Sage Advice: Cutting Ties with Old Friends
One woman is forced to reconnect with old friends discarded long ago
Dear Amy: Over 10 years ago, when I was a young newlywed, I saw a picture of all my close high school friends at a bridal shower for my best friend. I was not invited.
It hurt, and I cut most of these women out of my life because of it. I’m not proud of it. It seemed silly, trivial and embarrassing to ghost them.
I’ve moved several times, and have made wonderful lifelong friends since then.
Now, as a funny twist of fate, I’m back and living in my small hometown.
Running into these old friends has brought up this exclusion and the way I’ve in turn ghosted them.
Honestly, in retrospect, I realize that they were really not true friends. Some of them were outright emotionally abusive. Being excluded from the bridal shower was just the straw that broke the camel’s back. My gut was telling me it was time to be done with them.
After running into some of these women lately, I’ve received messages from them saying that they miss me. They wonder what happened and why I’ve kept my distance. Now I am unsure of how to answer.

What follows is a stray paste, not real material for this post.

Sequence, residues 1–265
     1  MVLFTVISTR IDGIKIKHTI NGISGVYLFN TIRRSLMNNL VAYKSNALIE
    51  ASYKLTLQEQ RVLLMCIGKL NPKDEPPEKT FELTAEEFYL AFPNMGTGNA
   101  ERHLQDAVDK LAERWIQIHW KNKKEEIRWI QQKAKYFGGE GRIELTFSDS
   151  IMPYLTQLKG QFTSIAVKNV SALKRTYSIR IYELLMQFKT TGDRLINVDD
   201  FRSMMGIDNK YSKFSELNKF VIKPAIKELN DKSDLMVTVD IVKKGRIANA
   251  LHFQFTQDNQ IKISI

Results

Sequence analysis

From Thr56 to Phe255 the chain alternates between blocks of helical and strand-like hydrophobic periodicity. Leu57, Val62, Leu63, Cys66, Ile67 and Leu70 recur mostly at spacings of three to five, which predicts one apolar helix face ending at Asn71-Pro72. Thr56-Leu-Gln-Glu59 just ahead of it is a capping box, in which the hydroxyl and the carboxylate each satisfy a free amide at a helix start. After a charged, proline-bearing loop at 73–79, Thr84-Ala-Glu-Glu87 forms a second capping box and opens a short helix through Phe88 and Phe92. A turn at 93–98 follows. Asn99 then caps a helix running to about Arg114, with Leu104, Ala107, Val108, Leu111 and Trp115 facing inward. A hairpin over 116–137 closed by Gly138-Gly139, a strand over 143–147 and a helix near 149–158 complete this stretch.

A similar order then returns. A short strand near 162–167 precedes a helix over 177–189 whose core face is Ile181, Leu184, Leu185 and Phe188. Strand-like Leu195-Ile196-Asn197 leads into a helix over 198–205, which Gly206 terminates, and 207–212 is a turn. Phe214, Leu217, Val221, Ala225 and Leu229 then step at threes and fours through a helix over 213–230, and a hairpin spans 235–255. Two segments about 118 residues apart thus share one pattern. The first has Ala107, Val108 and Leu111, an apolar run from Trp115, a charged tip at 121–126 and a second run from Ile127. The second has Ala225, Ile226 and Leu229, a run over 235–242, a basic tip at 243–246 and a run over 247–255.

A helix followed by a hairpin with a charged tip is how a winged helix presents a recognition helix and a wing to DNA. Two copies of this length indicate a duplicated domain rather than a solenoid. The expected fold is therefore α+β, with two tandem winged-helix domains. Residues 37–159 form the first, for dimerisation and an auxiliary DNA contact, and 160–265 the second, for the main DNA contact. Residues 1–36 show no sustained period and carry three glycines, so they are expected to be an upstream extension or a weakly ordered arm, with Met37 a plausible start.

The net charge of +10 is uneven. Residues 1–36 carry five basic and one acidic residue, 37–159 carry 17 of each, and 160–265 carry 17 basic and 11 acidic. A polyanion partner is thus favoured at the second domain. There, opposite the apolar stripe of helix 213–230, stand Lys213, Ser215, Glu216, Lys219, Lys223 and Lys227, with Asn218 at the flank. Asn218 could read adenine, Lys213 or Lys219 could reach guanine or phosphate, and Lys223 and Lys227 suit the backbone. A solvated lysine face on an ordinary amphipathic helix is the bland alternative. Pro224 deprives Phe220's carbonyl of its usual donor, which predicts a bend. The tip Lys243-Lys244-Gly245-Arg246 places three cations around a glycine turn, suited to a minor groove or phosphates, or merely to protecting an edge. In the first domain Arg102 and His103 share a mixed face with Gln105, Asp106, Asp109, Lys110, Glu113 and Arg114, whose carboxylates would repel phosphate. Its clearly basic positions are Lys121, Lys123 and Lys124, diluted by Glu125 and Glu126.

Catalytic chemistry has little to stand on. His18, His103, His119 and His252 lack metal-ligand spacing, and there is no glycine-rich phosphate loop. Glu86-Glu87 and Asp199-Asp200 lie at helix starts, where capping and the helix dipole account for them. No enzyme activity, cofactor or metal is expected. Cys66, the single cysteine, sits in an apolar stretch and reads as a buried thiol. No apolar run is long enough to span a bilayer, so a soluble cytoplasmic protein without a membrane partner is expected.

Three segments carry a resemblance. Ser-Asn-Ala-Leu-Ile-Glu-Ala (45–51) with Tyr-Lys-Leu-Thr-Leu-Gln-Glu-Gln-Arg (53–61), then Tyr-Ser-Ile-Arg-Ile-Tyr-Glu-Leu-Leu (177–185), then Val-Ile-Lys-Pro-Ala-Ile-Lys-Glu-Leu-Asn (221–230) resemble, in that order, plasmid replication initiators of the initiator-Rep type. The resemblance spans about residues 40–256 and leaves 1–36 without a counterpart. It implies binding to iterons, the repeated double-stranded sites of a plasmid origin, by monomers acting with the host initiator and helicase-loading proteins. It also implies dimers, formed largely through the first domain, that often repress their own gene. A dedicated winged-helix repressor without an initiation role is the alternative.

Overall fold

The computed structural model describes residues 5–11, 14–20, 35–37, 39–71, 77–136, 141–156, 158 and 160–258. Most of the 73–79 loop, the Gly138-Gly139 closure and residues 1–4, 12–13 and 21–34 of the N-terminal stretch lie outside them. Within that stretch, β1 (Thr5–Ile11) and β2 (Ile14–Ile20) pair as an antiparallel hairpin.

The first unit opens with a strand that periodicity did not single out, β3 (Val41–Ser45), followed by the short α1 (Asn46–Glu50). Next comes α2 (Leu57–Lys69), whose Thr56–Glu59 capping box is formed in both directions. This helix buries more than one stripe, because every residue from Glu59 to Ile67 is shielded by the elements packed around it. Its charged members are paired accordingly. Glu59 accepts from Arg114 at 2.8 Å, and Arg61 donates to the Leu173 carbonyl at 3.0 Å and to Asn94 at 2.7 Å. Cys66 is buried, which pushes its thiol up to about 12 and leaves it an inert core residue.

I have no desire to be friends with these women again. I have filled my life with good, authentic people now. I don’t want to keep on ignoring them, but I also don’t feel like dredging up the past. How do I respond?
– Not Missing Them
Dear Not Missing: If you are brave enough to simply own your truth, then one statement would probably take care of this: “Honestly, I was hurt years ago when I was excluded and not invited to Tammy’s shower, and as the years have gone by, I’ve pretty much lost interest.”
If you genuinely don’t want to be honest about why you are keeping your distance, then you need only be neighborly and cordial when you see or hear from these people. Cordiality does not imply friendship, nor does it tie you into further contact. If they contact you to say they miss you, you can respond, “Thanks. It’s great to be back home.” If they make a bid for further contact or friendship, you can say, “Thank you, but I don’t think so. I’ve moved on, and it’s all good.”
In the tradition of the great personal advice columnists, Chicago Tribune’s Amy Dickinson is a plainspoken straight shooter who relates to readers of all ages. She answers personal questions by addressing issues from both her head and her heart. A solid reporter, Dickinson researches her topics to provide readers with informed opinions and answers. Ask Amy, P.O. Box 194, Freeville, NY 13068
© 2018 by Amy Dickinson